You can move to a Living Game model and constantly have the rules updated with any and all errata you come across for minimal cost. It's a lot easier to justify updating a rule book when you don't have to worry as much about everyone not being confused about which version of the rules to use.

Cons:
You lose a significant portion of 'buy and play' add on sales, especially in areas either lacking or with only spotty internet access. By putting the rules online, you can no longer guarantee that your customers will be able to play the game the same night they get it (if ever), which makes it less likely for other players to enjoy the game the same night and pick up a copy for themselves.

You get a lot more returns. Because you aren't including the rules in the base game, it's a lot more likely that the customer will think they got a misprint and want to return it for a full refund. This will create a great deal of frustration with your product, depressing sales and losing customer trust (even if only for that one game).

Customers who have done their homework and know that they won't get the rules in the box may be less likely to buy the game. This may seem counterintuitive - if they've done their homework, they already know about where to find the rules and have likely already downloaded and read through them to see what the game is like - but there are tangible benefits to having a physical copy of the rules at the table. Just look at the responses here to see how much of an impact that may have.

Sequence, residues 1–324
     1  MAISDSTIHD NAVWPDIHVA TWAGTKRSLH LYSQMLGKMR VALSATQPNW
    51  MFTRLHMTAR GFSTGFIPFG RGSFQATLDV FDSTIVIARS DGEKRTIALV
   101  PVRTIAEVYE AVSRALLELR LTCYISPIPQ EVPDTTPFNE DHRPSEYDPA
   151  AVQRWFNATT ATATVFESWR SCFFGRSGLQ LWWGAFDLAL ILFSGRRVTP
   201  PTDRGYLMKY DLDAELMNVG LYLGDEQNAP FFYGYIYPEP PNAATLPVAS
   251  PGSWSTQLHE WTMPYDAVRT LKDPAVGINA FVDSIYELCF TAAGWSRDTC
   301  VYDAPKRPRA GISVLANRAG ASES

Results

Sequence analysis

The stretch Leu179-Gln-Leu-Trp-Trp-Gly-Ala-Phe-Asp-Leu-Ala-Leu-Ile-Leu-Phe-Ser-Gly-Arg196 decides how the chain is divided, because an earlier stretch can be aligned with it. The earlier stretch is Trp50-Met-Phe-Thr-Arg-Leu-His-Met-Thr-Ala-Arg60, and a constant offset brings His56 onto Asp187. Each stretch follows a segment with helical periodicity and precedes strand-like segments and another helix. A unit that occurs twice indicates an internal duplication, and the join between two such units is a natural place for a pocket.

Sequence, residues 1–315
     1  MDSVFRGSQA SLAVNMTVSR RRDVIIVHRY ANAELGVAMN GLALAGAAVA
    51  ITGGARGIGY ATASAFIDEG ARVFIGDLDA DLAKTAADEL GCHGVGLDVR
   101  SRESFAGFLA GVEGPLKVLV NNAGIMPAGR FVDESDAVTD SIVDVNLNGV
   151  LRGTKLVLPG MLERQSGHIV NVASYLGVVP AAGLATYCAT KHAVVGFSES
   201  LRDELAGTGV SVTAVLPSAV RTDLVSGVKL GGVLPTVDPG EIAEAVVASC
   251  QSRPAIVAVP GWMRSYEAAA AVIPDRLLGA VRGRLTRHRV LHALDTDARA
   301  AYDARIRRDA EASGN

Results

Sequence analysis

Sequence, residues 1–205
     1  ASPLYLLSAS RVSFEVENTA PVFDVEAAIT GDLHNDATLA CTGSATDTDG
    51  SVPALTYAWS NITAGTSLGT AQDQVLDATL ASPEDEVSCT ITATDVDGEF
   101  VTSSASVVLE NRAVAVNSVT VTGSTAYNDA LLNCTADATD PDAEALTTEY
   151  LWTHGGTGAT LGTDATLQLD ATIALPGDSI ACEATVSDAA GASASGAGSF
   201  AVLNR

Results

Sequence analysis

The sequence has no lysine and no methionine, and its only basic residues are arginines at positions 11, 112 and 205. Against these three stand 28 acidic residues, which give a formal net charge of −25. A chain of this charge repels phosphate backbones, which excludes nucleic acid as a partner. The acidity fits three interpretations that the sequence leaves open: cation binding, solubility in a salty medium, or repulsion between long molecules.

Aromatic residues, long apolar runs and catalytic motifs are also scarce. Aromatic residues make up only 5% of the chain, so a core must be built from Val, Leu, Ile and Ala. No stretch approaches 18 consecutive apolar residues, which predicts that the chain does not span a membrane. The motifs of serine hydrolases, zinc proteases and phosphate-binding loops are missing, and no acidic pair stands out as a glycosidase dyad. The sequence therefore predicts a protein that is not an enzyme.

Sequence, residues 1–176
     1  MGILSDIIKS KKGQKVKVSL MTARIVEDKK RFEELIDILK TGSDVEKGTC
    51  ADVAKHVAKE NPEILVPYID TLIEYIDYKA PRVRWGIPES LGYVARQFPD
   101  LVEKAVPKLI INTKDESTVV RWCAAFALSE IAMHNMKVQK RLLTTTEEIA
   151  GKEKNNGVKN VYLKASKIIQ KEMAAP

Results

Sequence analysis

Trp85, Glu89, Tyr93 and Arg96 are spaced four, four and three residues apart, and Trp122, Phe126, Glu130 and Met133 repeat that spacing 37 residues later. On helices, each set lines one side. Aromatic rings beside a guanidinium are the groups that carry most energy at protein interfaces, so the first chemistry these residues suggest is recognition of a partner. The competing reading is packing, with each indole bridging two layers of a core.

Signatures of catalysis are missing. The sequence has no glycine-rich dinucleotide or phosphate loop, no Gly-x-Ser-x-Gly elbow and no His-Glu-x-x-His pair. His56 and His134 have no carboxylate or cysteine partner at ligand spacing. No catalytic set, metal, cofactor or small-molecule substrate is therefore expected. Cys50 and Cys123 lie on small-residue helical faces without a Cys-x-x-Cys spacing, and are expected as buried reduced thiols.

If your site goes defunct, you stop supporting the rules, or any of a number of other issues crop up, your game becomes unplayable. Not just, 'oh, I need to jump through some hoops to get the rules,' but out and out unplayable. Thus, you run a significant risk of your company's legacy vanishing simply to save a little bit on manufacturing costs.

So, to me, it seems like you get a few possibly marginal benefits for doing it, and face some pretty significant drawbacks to boot. And the biggest benefit - having a resource that you can update easily and as needed - can be gained by simply putting up the PDF for the rulebook you use to print the physical copy with, making it even less of a good idea. It may seem like a good idea, but you have to remember that you are dealing with an almost entirely physical product, and leaving out the most important part of that can destroy any chance the game had of becoming popular.
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Boaty McBoatface
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saluk wrote:
I can't really make a good case for not including the rules.

That said, I'm a bit surprised to see people complaining about having to go on the internet in order to play a game. We are having this discussion on the internet after all!

I almost never buy a new game and learn and play without hitting a website for a FAQ or an easy set up guide, or printing out a player aid, or watching a how to play, or even just to see what others have said about situations that come up. Only very simple games do I not turn to the internet for a little bit of help getting started, even when I am perfectly capable of learning the game from the rules alone.